Ladies in the tree nursery BoreThe issue Tracey is most keen to highlight is that the planting of new tropical forests should encourage the normal rains to return. In a handful of years, considerable planting of new trees could make Kenya far more resilient as it struggles to cope with its increasingly challenging climate. The Word Forest Organisation has a network of schools and communities throughout the region who are ready, willing and able to plant new forests, and quickly. Their membership scheme is growing steadily but Tracey is keen to up the pace by offering attractive corporate partnerships too.

According to a new report, The State of Private Investment in Conservation 2016 released last week from Forest Trends’ Ecosystem Marketplace, ‘conservation investing’ is on the increase and it’s producing good financial returns. Forest Trends describes conservation investments as capital invested to create sustainable food and fibre production, habitat protection, or clean water.

The report also states that this particular subsector – which identifies measurable environmental benefits in addition to financial returns – accounted for $2 billion of investments in 2015 an increase from $0.2 billion between 2004 and 2008 and almost doubling from $1.1 billion during 2014.

Tracey explains:

Our Trustees are hopeful that corporate partners will invest in our project when they realise the raft of environmental benefits that could be felt on a global scale. This is way beyond improving their CSR.

Big Players Are Needed

Helen Roberts, their Education Trustee, is responsible for twinning primary schools in the UK and Kenya. She comments, “We want to work with sponsors who share our passions and are content in the knowledge that their investments are protecting biodiversity, improving food and water security, helping to combat the horrors of desertification and helping inspire a generation of Kenyan youngsters particularly, who are living at the sharp end of climate change. Armed with a greater understanding of the environment, they may be able to provide global solutions that are key to our survival on the planet.”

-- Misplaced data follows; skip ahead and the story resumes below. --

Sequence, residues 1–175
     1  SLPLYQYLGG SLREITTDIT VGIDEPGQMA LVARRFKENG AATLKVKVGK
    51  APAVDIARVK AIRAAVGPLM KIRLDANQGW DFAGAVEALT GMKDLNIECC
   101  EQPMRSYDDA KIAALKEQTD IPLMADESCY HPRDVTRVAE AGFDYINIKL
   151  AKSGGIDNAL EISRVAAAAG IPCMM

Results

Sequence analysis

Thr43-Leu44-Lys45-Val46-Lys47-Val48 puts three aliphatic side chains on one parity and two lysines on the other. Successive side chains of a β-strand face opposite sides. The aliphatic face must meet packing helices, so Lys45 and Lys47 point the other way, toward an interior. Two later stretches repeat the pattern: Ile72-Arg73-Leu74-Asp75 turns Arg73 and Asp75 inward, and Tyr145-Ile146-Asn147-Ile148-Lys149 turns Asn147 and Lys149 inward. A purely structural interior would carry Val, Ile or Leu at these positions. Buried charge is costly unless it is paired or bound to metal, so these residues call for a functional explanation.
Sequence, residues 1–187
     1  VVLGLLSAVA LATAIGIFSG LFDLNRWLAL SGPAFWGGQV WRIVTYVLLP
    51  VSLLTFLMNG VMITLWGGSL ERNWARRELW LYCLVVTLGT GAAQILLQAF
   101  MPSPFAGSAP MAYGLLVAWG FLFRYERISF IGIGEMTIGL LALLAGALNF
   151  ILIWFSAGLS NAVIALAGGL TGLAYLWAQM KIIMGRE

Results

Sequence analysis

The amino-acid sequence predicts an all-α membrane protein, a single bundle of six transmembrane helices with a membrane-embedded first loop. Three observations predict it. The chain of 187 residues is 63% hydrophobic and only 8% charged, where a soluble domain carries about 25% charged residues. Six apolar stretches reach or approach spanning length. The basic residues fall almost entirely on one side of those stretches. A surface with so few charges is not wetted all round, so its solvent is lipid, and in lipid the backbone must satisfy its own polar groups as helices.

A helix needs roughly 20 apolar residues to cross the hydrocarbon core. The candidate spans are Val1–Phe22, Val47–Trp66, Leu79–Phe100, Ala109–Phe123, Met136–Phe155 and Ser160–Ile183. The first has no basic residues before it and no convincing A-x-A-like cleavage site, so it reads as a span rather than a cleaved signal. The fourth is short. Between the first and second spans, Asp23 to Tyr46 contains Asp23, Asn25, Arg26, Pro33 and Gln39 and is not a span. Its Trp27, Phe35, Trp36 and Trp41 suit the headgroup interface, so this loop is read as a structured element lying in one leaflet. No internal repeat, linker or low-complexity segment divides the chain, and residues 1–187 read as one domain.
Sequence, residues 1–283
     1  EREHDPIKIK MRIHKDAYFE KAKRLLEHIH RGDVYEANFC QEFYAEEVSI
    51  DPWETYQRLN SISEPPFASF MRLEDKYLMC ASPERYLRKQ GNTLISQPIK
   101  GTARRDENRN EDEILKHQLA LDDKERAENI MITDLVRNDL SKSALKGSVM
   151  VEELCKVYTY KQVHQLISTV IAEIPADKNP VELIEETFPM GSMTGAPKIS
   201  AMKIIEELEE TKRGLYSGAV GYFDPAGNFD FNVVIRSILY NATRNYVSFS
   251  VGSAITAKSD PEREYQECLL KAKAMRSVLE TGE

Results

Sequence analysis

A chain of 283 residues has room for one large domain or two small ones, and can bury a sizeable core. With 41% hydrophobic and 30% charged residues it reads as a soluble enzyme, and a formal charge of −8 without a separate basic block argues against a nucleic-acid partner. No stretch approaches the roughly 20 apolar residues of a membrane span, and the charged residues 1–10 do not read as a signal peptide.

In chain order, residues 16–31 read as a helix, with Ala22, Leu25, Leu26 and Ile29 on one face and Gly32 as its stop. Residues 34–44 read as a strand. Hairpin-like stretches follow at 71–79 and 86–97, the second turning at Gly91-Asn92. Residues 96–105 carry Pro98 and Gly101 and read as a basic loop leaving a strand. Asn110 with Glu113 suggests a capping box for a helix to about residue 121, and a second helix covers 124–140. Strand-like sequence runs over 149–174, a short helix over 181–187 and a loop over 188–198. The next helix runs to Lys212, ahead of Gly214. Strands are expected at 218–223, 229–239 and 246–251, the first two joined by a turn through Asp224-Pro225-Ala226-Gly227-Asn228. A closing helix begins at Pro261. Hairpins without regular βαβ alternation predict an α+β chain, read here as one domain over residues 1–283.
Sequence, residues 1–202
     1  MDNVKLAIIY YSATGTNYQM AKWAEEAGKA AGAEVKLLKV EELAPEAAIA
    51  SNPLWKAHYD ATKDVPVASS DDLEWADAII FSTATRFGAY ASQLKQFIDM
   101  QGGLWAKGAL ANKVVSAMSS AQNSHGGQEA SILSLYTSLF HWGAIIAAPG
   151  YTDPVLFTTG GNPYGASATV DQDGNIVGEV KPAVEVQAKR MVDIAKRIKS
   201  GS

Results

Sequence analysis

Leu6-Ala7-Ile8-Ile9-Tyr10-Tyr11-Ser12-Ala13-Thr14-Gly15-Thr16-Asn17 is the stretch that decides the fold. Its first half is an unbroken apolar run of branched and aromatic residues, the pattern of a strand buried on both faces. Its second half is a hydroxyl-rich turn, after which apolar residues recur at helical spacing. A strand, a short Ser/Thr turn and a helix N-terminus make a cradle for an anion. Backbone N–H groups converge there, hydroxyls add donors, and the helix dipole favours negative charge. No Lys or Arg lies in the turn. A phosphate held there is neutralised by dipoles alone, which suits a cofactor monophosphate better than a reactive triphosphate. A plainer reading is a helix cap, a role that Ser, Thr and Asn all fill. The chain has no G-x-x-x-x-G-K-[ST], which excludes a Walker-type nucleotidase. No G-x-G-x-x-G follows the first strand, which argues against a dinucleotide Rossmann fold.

Putting the environmental benefits aside for a moment, addressing deforestation is absolutely critical for business success too, so says CDP Worldwide in their December 2016 report, Revenue at Risk. The report claims that 81% of agricultural product companies and 45% of food and staples retailing organisations, report impacts related to deforestation that have generated a substantive change in operations, revenues or expenditure over the past five years. Impacts have already been felt (as a result of deforestation) and more risks are recognised.

The Word Forest Organisation’s Managing Director, Simon West concludes:

We are ready to reforest and repurpose vast swathes of degraded land in Kenya and this action is critical if the world hopes to meet the targets laid out in the Paris Agreement. Investment with The Word Forest Organisation will also improve Kenya’s resilience, it’ll give the leaders of the future knowledge and new skills and also help businesses across the world open their minds to the true value of our precious natural resources.

© Tracey West

An abridged version of the following first appeared in Business Today Kenya on 25th January 2017.